EPA Highlights Historically Black Colleges and Universities in Region 7 for National HBCU Week, Sept. 21-25
– EPA Region 7 Feature –
By Alyssa Cole, Office of Public Affairs
What is now an expectation, the right to an education, was once denied to people who were enslaved in the United States. During the late 18th century and throughout the 19th century, government officials passed laws criminalizing the education of these people. In response, African Americans, abolitionists, and other allies began to establish institutions of higher education for the benefit of African Americans, now known as Historically Black Colleges and Universities (HBCUs).
In his will, Richard Humphreys bequeathed a tenth of his estate, $10,000, to a society or organization that would establish an institution of higher learning specifically for African American people.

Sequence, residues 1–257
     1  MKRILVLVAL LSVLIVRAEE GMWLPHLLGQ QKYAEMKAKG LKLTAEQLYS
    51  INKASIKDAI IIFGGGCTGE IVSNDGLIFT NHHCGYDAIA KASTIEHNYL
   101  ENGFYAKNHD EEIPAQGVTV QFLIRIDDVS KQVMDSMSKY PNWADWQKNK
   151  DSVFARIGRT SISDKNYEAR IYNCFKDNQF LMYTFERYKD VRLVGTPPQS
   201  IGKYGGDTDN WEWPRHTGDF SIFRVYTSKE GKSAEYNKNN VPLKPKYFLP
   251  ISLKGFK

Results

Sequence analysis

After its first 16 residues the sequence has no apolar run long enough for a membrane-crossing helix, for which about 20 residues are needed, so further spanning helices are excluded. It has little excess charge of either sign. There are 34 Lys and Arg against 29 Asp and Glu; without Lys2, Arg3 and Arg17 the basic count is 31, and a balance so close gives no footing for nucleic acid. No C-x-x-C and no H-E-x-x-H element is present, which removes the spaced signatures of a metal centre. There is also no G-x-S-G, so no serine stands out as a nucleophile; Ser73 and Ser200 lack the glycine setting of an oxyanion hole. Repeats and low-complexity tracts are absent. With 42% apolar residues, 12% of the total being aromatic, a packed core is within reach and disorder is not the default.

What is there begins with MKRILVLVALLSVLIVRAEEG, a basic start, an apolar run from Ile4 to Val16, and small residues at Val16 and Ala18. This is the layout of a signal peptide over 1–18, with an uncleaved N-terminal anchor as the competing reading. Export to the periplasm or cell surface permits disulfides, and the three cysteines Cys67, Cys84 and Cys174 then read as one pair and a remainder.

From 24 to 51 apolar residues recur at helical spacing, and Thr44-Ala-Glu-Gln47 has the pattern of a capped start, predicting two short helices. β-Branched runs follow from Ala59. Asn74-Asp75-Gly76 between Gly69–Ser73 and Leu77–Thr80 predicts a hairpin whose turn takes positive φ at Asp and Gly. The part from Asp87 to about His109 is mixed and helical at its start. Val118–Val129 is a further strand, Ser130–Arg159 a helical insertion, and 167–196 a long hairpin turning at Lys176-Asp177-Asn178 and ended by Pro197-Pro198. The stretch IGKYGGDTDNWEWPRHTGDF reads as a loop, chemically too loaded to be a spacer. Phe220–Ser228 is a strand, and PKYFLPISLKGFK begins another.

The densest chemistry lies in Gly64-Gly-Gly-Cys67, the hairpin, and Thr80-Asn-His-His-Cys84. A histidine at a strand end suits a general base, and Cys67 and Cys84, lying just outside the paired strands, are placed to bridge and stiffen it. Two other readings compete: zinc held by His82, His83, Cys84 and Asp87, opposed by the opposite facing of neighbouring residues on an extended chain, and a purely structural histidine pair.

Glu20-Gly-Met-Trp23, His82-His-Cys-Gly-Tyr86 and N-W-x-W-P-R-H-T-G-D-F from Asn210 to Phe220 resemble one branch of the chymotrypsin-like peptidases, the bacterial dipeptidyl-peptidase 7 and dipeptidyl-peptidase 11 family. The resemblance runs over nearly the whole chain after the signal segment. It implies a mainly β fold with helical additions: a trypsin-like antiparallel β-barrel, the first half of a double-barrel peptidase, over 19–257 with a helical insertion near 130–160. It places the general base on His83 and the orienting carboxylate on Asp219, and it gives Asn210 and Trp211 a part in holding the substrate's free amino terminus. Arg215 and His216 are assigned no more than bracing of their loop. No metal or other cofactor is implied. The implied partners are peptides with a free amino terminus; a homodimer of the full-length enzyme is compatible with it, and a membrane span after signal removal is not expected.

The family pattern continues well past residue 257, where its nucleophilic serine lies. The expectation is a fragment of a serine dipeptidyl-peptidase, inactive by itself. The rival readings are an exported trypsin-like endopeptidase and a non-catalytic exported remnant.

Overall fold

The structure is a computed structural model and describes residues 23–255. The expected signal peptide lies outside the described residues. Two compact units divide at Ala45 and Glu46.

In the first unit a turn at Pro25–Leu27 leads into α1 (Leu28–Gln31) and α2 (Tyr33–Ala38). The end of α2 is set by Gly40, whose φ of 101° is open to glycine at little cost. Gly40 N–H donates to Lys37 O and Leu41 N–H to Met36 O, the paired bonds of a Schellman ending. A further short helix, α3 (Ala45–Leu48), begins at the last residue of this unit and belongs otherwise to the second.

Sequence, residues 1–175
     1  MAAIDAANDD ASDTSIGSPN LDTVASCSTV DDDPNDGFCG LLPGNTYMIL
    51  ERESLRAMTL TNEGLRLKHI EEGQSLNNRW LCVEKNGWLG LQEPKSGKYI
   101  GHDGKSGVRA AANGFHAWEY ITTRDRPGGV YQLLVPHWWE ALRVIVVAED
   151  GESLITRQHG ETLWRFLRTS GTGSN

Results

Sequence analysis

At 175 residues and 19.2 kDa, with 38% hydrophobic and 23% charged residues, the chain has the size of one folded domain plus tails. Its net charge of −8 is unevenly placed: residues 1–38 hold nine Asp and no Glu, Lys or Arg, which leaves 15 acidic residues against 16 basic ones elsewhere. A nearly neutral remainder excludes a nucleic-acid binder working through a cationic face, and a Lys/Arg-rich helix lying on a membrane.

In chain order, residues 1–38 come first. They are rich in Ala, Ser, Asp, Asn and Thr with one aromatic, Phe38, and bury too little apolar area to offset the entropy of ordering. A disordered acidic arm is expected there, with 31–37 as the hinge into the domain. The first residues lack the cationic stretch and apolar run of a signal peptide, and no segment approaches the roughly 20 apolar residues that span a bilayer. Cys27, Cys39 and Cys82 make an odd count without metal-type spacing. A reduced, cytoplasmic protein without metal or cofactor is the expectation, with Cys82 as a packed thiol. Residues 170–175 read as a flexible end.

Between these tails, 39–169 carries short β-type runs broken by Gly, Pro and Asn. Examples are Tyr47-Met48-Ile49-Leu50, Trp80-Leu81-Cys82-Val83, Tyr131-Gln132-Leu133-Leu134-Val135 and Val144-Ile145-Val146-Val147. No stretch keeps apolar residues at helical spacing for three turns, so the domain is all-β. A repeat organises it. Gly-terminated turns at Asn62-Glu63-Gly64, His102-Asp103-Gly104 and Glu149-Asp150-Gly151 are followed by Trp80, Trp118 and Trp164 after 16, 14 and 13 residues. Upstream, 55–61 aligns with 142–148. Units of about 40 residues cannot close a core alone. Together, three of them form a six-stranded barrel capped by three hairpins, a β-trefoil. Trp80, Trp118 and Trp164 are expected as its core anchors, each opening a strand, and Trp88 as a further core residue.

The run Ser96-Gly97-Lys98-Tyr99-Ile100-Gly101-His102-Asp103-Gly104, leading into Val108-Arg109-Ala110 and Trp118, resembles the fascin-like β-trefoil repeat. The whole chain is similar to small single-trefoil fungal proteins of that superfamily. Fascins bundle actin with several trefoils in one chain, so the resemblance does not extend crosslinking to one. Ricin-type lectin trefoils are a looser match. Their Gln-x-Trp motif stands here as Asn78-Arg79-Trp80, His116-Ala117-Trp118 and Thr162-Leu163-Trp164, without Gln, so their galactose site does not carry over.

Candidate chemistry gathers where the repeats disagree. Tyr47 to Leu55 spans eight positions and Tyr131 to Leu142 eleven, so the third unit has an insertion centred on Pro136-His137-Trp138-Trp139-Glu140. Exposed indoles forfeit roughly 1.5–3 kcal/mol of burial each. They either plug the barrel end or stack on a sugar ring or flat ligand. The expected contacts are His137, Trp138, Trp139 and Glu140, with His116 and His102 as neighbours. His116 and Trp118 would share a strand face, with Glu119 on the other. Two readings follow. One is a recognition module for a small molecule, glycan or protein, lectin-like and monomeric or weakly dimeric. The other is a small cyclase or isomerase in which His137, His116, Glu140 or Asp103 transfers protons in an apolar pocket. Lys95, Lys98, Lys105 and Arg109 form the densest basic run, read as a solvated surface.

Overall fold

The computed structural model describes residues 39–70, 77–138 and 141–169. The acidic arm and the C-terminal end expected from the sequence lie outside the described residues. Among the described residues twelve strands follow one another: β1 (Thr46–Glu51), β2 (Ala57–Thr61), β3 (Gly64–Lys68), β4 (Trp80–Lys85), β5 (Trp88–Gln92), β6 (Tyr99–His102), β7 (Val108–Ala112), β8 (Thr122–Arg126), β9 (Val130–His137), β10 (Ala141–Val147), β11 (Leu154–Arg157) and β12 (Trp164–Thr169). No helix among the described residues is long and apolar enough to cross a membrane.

The Institute for Colored Youth, now Cheyney UniversityExit, known as the first HBCU, was founded in 1837 with the support of Humphreys, a Quaker from Philadelphia. Since that time, over 100 HBCUs have been founded across the U.S. According to the National Center for Education Statistics, there are currently 101 accredited HBCUs.
In Region 7, there are two HBCUs: Lincoln University of MissouriExit, a public Land Grant university in Jefferson City, Missouri, and Harris-Stowe State UniversityExit, a public university in St. Louis. To honor HBCU week, EPA Region 7 is highlighting these institutions and our people who attended HBCUs.
Though the Civil War ended on April 9, 1865, members of the 62nd and 65th United States Colored Infantry were not finished fighting for the rights of formerly enslaved people. This time, though, their fight was for education.